MIND Informatics develops and applies integrative computational methods in biomedical and brain research, working with leading clinicians and researchers to understand and cure neurological disorders.

Open Annotation

Open Annotation of web content means the ability to make notes, attach tags, classify, apply formal semantics, and otherwise annotate any content on the web, whether or not you have update control over the server providing it - and to share those annotations in open format with others.  This capability returns the tradition of scholarly "marginalia" to digital scholarship, at a higher level, using all the technical capabilities of the web.

In biomedical research, it allows among other things, semantic tagging of research publications with gene, protein, chemical compound, pathway, disease, anatomical, cell type, organism, and many other types of information "on the fly", with selected publication and selected uptake of the results. It also allows for new kinds of collaboration such as crowdsourced classification and online vitual journal clubs.

MIND Informatics is a leading research group in this technology.  We co-founded and co-chair the W3C Open Annotation Community Group, one of the largest community standards groups in W3C, the World Wide Web Consortium. Our researchers were Editors and Contributors to the Open Annotation Core Data Model specification, which is based in part on integrating previous research from our group.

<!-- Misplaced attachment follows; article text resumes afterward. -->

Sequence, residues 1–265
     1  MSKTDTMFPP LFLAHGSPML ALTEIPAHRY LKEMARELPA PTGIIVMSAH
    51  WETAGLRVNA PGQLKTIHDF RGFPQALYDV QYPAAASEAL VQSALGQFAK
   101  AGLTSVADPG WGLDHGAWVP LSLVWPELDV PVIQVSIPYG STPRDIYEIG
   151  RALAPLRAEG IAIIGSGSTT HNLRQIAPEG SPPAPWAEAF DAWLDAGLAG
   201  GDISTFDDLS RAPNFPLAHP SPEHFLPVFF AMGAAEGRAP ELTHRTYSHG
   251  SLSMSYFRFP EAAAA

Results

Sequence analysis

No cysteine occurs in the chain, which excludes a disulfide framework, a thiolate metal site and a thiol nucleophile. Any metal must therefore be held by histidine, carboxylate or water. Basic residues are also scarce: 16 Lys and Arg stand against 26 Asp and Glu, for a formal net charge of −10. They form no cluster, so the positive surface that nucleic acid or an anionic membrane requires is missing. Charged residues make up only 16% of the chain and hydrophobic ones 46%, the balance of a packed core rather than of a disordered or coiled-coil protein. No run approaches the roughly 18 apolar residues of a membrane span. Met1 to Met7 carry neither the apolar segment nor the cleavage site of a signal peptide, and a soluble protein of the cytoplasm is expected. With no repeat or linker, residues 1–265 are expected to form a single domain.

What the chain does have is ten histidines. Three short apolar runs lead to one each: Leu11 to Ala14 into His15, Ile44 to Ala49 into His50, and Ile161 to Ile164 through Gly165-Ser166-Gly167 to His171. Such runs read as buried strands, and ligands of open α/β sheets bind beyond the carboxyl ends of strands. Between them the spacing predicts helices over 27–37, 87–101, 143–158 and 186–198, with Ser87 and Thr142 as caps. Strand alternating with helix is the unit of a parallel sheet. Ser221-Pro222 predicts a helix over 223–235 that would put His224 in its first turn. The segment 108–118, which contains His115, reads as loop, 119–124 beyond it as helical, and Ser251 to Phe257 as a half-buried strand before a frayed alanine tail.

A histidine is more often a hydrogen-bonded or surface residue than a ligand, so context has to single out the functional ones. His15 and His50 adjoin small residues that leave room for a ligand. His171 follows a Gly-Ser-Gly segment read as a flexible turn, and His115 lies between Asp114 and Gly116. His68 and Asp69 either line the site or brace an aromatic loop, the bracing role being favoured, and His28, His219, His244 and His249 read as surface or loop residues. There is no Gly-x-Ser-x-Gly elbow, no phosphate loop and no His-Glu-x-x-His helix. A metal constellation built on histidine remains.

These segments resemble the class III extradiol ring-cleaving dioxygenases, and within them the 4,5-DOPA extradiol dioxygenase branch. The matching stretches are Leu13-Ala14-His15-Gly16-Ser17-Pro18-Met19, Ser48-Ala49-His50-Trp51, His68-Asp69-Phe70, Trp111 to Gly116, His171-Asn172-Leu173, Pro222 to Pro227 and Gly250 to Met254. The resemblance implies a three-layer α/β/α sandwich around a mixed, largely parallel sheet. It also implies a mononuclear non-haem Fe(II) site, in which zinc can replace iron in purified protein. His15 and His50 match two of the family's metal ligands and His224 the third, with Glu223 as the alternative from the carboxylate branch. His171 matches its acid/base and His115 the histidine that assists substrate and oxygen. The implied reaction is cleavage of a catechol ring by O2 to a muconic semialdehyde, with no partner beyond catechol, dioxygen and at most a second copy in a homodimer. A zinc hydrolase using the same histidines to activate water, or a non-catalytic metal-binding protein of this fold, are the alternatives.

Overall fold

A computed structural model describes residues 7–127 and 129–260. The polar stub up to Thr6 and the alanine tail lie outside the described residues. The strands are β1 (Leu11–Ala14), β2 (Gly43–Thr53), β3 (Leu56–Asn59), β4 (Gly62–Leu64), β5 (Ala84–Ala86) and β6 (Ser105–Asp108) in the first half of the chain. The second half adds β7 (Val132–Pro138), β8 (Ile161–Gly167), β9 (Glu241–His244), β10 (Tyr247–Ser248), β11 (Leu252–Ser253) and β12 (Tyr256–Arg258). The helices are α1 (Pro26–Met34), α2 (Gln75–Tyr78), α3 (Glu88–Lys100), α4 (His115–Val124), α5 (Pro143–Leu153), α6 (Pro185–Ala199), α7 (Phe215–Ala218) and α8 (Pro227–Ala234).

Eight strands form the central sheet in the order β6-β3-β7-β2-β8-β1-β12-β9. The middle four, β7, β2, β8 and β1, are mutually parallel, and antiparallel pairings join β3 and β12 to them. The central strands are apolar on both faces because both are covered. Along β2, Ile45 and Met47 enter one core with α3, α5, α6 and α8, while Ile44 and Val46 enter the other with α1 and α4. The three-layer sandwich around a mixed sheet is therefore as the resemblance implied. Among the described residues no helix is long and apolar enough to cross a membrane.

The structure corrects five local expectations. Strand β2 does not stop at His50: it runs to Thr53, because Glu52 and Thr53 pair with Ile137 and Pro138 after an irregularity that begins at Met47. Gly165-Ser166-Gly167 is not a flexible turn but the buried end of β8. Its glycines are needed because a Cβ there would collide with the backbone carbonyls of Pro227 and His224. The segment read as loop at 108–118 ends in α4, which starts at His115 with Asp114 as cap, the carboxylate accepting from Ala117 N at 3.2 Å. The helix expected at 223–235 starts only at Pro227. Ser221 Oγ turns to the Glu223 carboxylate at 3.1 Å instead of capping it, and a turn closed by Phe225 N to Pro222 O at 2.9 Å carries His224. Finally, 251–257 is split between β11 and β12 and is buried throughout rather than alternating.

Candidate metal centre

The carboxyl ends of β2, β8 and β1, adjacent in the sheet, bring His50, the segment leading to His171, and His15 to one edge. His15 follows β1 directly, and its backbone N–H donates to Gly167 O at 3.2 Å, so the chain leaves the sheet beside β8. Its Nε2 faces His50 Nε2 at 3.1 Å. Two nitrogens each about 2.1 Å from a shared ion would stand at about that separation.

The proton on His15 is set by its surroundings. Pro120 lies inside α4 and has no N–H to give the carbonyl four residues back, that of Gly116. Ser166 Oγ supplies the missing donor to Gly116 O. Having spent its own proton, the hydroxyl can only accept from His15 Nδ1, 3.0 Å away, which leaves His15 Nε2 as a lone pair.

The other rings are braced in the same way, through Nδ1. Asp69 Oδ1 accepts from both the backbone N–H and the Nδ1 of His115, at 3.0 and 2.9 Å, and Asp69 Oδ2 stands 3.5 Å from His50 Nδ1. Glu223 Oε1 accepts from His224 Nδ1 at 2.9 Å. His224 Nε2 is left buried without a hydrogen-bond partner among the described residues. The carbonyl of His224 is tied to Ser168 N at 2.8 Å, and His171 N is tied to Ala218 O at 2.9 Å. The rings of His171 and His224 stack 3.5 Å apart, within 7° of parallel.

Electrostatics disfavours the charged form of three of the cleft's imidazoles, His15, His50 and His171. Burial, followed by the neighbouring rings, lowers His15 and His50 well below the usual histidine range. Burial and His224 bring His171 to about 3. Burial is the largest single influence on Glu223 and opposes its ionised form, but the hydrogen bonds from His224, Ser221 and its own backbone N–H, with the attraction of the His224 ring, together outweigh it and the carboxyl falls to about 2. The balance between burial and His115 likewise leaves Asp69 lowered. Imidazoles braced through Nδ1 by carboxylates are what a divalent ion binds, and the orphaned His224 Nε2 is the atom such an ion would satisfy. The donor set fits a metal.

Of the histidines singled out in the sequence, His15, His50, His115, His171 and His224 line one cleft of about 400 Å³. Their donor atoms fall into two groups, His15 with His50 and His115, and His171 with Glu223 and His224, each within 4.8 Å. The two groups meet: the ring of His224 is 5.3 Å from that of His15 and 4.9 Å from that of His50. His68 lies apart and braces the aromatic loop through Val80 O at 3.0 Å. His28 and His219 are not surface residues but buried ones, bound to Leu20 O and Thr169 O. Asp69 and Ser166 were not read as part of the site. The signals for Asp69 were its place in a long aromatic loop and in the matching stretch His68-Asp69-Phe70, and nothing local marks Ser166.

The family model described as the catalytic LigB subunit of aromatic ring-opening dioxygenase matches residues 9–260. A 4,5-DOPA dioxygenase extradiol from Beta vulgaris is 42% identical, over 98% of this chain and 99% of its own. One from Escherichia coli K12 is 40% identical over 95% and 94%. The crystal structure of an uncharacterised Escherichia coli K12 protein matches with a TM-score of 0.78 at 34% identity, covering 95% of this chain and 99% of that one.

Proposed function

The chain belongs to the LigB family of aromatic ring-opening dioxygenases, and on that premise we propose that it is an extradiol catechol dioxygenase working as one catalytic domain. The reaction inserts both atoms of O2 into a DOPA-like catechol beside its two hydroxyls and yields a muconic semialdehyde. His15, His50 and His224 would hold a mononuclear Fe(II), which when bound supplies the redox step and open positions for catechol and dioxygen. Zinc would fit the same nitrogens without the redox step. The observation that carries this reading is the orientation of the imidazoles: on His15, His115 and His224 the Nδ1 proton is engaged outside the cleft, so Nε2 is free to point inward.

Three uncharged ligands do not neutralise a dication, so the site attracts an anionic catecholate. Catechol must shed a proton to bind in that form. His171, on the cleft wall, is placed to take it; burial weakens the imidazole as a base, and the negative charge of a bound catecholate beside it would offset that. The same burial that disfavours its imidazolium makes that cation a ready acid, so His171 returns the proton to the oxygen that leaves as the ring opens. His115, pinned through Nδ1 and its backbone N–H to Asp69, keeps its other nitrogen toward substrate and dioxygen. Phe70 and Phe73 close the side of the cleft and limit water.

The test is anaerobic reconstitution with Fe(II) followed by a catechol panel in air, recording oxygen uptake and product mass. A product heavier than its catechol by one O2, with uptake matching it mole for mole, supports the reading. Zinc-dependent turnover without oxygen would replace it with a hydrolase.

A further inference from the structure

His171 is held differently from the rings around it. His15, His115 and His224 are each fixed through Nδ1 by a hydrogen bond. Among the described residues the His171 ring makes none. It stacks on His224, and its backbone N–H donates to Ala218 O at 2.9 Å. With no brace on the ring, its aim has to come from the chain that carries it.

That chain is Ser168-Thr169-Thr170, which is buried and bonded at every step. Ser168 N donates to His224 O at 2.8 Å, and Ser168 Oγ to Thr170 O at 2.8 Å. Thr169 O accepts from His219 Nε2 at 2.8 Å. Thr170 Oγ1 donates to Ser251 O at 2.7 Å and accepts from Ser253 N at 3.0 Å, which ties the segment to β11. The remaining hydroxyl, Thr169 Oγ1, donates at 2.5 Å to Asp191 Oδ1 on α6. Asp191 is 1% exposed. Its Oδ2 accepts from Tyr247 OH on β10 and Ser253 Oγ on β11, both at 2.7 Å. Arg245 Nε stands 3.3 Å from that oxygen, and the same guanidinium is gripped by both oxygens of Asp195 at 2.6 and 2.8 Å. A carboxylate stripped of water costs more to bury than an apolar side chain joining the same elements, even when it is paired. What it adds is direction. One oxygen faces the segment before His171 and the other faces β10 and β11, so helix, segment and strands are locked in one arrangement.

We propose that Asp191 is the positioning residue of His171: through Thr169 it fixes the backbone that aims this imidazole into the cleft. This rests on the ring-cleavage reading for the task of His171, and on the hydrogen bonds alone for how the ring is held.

MIND Informatics researcher Paolo Ciccarese co-organized the Annotations @ Harvard conference and tutorial attended by over 100 people, and are co-architecting a Harvard-wide model for sharing and publishing web annotations, in collaboration with Harvard's Chief Technology Officer, Jim Waldo, and other senior computing faculty.  He participates in the Harvard Library Cloud Steering and Architecture Committees, as well as the Harvard-MIT edX Developers Group Steering Committee. 

Related publications from our group: